Few things are as decadent as the adjaruli khachapuri served at Marani, a glatt kosher Georgian restaurant that’s a mere five-minute walk from C+M headquarters. The eye-shaped bread is filled with a lake of molten cheese and egg. Stir it up and dig in. “Khachapuri not pizza,” read the restaurant’s square takeout boxes. Despite the pizza comparison, you won’t find any sausage versions in Marani’s basement khachapuri parlor. That’s because it’s a strictly dairy kitchen. (more…)
The Giuseppe, Astoria’s take on Philly’s roast pork Italian.
The late great Josh Ozersky once said that I had forsaken my Italian-American heritage to eat my way through the Chinese food courts of Queens. He was partly—well, really mostly—right. When I find myself in need of comfort and familiarity though, there’s nothing quite like a good Italian deli.
I am a huge fan of the ladies at Leo’s Latticini in Corona and their food. They know how to make this Italian boy feel right at home. I am lucky to live so close to their shop. Lately I have been exploring the Italian delis of Astoria. My favorite so far might be Rosarios. Under the el Rosario DiMarco serves up old-school Italian-American comfort food in the form of killer Margherita pizza and more than a dozen sandwiches. (more…)
Because nothing says Korean food like Canadian ham.
Back when I first moved to Queens there was a pizzeria in downtown Flushing called T.J.’s that sold a Korean-influenced slice. Apart from a generous serving of tangy, peppery kimchi it was a classic New York City slice. And T.J.’s itself was a classic New York City pizza parlor.
A few weeks ago some friends and I tried out Pizza Maru, in the vast K-tropolis of Northern Boulevard. If T.J.’s was a classic New York joint then Pizza Maru is classic Korean fast-casual spot. It’s Pizza Hut as envisioned by Korean businessmen, complete with four types of stuffed crusts and more than a dozen pies, including honey gorgonzola and Chicago style. (more…)
A pesto slice resting atop a regular one at Dani’s.
I’m a simple man when it comes to pizza. Buffalo chicken, ham and pineapple and other novelty pies are not for me. I prefer an old-school NYC slice, as executed by New Park Pizza or Margherita. There are some notable exceptions to this otherwise rigid pizza protocol: the falafel slice at Benjy’s,Zuppardi’s fresh clam pie, and the pesto slice at Dani’s House of Pizza. That last one, a sauceless slice stained green by pesto and flavored with basil and garlic is utterly delectable. The way the crust fries in the oil from the pesto is an added bonus to this oddball slice.
Dani’s takes great prides itself on the sweetness of sauce on its regular slice. It’s a bit too sweet for this pizza eater, but that never stops me from getting one regular and one pesto. On a recent visit I had the brilliant idea of creating my own novelty slice, by stacking a pesto slice atop a regular. “It will be a veritable Christmas morning of a stacked slice,” I thought as I sipped a Coke waiting for the red and green slices to emerge from the oven.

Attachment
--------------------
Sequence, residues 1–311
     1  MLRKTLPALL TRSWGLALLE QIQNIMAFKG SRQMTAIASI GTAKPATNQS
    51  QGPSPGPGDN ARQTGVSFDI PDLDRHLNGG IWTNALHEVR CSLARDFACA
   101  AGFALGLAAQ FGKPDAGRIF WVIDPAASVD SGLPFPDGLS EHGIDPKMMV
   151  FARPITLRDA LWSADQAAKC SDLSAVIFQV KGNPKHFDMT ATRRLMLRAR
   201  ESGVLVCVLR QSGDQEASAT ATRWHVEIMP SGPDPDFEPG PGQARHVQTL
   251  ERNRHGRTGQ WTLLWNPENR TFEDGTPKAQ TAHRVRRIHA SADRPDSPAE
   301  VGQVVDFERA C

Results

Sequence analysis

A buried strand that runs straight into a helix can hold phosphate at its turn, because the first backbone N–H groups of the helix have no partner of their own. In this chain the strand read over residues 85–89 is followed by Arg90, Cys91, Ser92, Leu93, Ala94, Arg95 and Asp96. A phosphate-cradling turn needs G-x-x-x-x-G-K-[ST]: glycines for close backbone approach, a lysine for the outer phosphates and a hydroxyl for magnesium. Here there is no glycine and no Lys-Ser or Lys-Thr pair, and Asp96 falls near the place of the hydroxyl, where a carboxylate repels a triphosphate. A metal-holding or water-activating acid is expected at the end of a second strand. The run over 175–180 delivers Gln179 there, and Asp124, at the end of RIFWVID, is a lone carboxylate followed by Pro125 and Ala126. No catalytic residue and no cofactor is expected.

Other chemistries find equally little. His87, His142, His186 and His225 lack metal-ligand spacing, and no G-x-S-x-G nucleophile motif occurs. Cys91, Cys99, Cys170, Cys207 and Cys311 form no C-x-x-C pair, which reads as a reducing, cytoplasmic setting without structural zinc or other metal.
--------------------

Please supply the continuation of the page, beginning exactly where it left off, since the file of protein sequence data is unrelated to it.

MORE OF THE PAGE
Surf and turf Rockaway style: The wood-fired clam and sausage pie at Whit’s End.
I’m not much of a beach in the wintertime kind of guy. But when I found out that Whit’s End Rockaway was still open in the winter, I knew I’d be taking that long bus ride down Woodhaven Boulevard, not for surf and sun, but for top-notch wood-fired pizza and other goodies served up with a healthy dose of attitude.
Whitney Aycock is a chef who gives a fuck. A fuck about food from dishes like pig tenderloin with baked tomato and mortadella toast to the wood-fired “Fuckin Good Burger,” to the dozen pizzas. In fact as my buddy and I bellied up to the bar he was giving a fuck to somebody who entered his establishment reeking of weed. Once the fellow was properly chastised Aycock turned his attention to my buddy and me. (more…)
As many of you may know Queens has been getting its fair share of media attention lately, with everyone jumping on the Lonely Planet #1 destination bandwagon and, of course, with the U.S. Open in town. Pizza maven Adam Kuban alerted me to what is my favorite bit of recent Queens media glory. It’s a U.S. Open commercial that features two Queens icons: old school slice joint John’s in Elmhurst and The Unisphere, along with plenty of tennis.
The spot makes a comparison between “New York style tennis” and New York style pizza. The pizza at John’s is as fine an example of old school New York City pizza as any. It’s a slice of glory with a crispy crust that comes from placing a perforated disk betwixt pie and pan. The best thing about John’s though might be its circa 1969 dining room complete with counter seating. I do believe I shall eat a slice or three tomorrow. John’s Pizzeria, 85-02 Grand Ave., Elmhurst, 718-457-7561
The other night I found myself in New Haven on a road trip as one sometimes does. Out-of-town guests were being entertained and the question of where to eat arose. “America’s first hamburger or pizza?” came the question. As the resident food expert the tie breaking vote was put to me. “Let’s go to Frank Pepe’s for pizza,” I responded. (more…)